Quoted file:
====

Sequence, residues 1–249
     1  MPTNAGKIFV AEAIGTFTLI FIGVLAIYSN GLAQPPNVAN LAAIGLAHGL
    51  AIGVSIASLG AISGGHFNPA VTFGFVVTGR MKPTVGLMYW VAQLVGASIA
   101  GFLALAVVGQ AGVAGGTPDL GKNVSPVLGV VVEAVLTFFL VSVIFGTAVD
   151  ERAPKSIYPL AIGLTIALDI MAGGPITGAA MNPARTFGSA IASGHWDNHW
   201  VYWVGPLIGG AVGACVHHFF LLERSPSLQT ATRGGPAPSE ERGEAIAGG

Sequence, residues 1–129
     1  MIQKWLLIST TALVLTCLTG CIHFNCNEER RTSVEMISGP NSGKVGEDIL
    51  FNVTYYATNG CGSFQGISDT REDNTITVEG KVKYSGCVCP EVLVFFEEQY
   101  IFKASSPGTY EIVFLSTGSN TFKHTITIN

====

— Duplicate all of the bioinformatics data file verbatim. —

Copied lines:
Sequence, residues 1–249
     1  MPTNAGKIFV AEAIGTFTLI FIGVLAIYSN GLAQPPNVAN LAAIGLAHGL
    51  AIGVSIASLG AISGGHFNPA VTFGFVVTGR MKPTVGLMYW VAQLVGASIA
   101  GFLALAVVGQ AGVAGGTPDL GKNVSPVLGV VVEAVLTFFL VSVIFGTAVD
   151  ERAPKSIYPL AIGLTIALDI MAGGPITGAA MNPARTFGSA IASGHWDNHW
   201  VYWVGPLIGG AVGACVHHFF LLERSPSLQT ATRGGPAPSE ERGEAIAGG

Sequence, residues 1–129
     1  MIQKWLLIST TALVLTCLTG CIHFNCNEER RTSVEMISGP NSGKVGEDIL
    51  FNVTYYATNG CGSFQGISDT REDNTITVEG KVKYSGCVCP EVLVFFEEQY
   101  IFKASSPGTY EIVFLSTGSN TFKHTITIN